A new year is right around the corner and with it comes a slew of new games that the video game community is already giddily awaiting. Of course, there is the dreaded first quarter. Usually, anyone familiar within the video game community knows that most triple A titles will be coming out sometime in the Q3, leaving Q1 looking a bit sparse. Just look at 2016 as an example. Three major shooters all came out one after the other for a few weeks and it can create some discord; getting to all those games can be difficult. With 2017 on the way, though, things are already looking a bit different. Q1 is looking more fleshed out with titles and one of those titles is Nier: Automata, not a triple A, but worth all the attention.
Nier: Automata is a game fans of the series have been eagerly awaiting and even has a demo available. So what makes Nier so important and what does it have to offer gamers? Well, for one, the series is known for its dark tone (sorry Yoko) and almost horror-like storytelling with settings to match. The narrative of Nier and its parent game Drakengard have overly-depressing and somber narratives. Nothing good really happens in these games and it would be a safe bet that Nier: Automata will follow suit. The storytelling in these games is about as adult as they come (make sure kids aren’t around when playing). For anyone who hasn’t played the original Drakengard, go play it: it comes highly recommend. It wasn’t mind blowing by any means, but what it was doing for gaming was something drastically different.
There is a really popular show for instance, Game of Thrones, well Drakengard was dealing with all themes presented in GoT long before it was popular. This game has it all, incest, child abuse, sadism and other heavy themes. It also has dragons, which are dealt with in a more realistic way than GoT. Fans of fantasy know Dragons are almost god-like beings, hell, in Dark Souls they’re immortal…. getting back on topic though. This series is known for pushing boundaries’. Drakengard was the first of its kind, a game doing something different that few games, especially beat ‘em ups were approaching. The storytelling in Drakengard was astounding. Drakengard, convey’s a sense of permanence of choice that games can still struggle with today. Not that every game must have a rigid backbone to it, that wouldn’t make video games fun. It’s understanding the way the story is being told though that allows for the praise this game series deserves. Long story short, Drakengard tells a story in its own way, also knowing how to end a game. The same can be said for Nier. Even both game’s sequel game’s manage to keep things interesting while remaining in the realm of the weird.
Nier, which creative director Taro Yoko has stated is the direct follow-up to Drakengard 2, follows suit perfectly for what these games offer up. Nier might take place a thousand-plus years in the future, but that changes nothing. There could easily be a whole essay on how all the games are connected (there probably is), but that’s not what this article is about. The series is asking deep questions, questions that might not be as obvious at first. The series, for as wacky and bombastic as it can be, is a reflection on events taking place in our world and how “we” fit into that world. It flips over rocks that might be hiding something nasty and at other points opens doors most people never want to peer behind. Not everyone wants to look at these things, nor should they be forced to. For those who usually let curiosity get the best of them or are looking for a deeper understanding of something, it’s worth pulling back the veil.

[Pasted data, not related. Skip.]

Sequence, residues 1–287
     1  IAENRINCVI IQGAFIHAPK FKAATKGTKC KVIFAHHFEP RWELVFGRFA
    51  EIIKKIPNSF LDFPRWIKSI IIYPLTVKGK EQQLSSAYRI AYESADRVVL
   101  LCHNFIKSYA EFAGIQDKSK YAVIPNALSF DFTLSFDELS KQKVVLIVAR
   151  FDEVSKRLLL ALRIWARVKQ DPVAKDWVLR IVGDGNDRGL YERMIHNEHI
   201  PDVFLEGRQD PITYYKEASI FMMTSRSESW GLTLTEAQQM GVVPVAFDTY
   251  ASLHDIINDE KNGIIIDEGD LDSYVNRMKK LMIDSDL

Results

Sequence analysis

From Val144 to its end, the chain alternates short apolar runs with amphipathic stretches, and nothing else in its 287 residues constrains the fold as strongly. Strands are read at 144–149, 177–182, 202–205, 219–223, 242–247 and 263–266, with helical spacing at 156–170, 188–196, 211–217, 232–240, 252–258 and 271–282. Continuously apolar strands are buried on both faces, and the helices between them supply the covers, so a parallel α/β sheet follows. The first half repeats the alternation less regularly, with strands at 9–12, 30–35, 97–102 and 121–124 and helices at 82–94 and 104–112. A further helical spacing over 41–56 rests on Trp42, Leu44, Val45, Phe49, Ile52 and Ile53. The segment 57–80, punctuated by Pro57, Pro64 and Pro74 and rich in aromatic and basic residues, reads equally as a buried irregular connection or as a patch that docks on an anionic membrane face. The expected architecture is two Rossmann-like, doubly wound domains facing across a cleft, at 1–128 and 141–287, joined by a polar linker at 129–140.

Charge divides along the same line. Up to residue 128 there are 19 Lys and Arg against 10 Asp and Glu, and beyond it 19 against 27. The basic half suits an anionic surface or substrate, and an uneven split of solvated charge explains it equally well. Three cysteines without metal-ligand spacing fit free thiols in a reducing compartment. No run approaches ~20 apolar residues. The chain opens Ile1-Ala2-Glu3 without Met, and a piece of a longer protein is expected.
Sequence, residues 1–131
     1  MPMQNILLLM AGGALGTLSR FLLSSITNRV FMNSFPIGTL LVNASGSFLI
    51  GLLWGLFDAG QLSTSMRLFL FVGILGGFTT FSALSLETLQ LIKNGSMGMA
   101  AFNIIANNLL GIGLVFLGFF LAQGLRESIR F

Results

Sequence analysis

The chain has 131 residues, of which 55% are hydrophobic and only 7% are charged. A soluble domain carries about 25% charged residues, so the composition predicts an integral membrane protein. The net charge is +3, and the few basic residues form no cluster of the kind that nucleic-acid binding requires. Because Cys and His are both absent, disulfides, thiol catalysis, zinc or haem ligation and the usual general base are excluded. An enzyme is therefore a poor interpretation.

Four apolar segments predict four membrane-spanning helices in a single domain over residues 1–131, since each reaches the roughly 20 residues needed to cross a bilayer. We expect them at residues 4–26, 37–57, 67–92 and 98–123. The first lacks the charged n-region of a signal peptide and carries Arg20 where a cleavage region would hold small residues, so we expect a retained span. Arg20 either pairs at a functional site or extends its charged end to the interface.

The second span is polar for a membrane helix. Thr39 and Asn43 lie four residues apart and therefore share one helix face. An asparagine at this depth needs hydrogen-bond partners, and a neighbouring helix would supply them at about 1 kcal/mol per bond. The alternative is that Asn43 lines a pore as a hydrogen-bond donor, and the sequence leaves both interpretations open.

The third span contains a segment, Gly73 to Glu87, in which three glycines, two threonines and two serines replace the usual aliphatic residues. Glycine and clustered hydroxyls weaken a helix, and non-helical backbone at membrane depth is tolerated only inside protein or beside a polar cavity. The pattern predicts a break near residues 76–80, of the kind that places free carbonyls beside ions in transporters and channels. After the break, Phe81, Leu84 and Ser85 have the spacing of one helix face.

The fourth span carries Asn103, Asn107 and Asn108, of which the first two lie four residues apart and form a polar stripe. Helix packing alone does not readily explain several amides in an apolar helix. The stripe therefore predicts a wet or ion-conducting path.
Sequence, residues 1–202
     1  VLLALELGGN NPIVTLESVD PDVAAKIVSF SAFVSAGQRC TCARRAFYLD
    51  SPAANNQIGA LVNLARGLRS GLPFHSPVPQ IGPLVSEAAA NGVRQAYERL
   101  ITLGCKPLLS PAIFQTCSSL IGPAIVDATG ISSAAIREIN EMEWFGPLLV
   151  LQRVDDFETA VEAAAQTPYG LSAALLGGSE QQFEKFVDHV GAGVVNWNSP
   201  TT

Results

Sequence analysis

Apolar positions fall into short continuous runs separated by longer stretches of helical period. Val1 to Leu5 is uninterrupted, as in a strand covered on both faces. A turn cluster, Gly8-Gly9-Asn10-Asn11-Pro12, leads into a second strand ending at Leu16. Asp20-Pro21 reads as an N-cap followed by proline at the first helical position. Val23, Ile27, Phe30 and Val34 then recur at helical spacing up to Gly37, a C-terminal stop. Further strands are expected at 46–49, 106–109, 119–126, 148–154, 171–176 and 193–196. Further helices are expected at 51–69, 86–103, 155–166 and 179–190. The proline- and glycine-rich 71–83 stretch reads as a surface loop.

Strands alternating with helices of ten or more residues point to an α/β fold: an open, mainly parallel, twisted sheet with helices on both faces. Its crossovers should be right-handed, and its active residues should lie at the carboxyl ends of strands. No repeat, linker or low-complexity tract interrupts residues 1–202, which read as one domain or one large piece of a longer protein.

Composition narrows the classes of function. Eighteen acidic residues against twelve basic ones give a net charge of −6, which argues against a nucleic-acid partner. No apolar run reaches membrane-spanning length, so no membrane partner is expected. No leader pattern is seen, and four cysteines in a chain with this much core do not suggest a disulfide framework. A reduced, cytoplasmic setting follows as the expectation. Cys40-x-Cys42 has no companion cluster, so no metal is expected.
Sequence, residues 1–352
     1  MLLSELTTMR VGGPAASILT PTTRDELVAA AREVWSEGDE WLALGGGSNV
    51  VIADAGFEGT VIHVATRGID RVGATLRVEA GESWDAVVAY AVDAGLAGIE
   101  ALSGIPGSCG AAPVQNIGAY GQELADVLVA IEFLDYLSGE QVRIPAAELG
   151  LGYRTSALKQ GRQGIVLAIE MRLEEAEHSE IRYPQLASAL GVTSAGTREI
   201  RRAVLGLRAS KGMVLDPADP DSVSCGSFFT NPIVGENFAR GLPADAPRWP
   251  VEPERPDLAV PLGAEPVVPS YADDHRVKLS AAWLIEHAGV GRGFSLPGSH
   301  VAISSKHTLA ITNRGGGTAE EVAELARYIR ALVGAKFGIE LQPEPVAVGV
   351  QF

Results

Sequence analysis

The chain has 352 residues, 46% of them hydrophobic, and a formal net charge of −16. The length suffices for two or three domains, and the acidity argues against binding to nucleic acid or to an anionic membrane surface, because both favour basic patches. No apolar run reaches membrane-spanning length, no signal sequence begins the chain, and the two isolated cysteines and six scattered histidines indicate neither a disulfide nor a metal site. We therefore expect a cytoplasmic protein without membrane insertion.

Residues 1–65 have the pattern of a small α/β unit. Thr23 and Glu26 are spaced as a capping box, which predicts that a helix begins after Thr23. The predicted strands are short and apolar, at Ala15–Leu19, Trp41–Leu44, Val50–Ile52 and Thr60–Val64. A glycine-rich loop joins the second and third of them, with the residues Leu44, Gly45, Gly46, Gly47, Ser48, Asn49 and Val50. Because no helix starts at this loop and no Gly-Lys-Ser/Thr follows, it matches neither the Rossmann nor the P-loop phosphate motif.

As a series, it has managed to keep up with the times in good stride (even if it got weirder along the way). Nier and its predecessor Drakengard were both superb reflections of their time. Nier: Automata is already looking to address certain themes all too familiar for the times right now. Again, making a giant leap into the future, possibly to speak on what technology means for the world. How it shapes and effects our lives. It will be interesting to see where Automata goes because it will be the first game without human protagonist. Heroine 2B looks female, but like her counterpart S9 (looks male), they are both fully functioning machines. Not a single human thing about them, aside from looks (they both look dope). It will also be a game without blood, as far as what has been shown. Surprising as this series oozes blood; even the shades in Nier spouted fountains of gore. Yet even this design choice of focusing more on explosions than gore is important. Giving pause to thought, maybe Nier: Automata is saying something about our world in a clever way that is built into its world.
All that said, Nier: Automata is looking to be as equally impressive as its parent games. This series shines and maybe releasing earlier in the year will garner the attention Nier: Automata deserves. This is no JRPG newcomer; these games have been there the whole time and stand up to the best of them.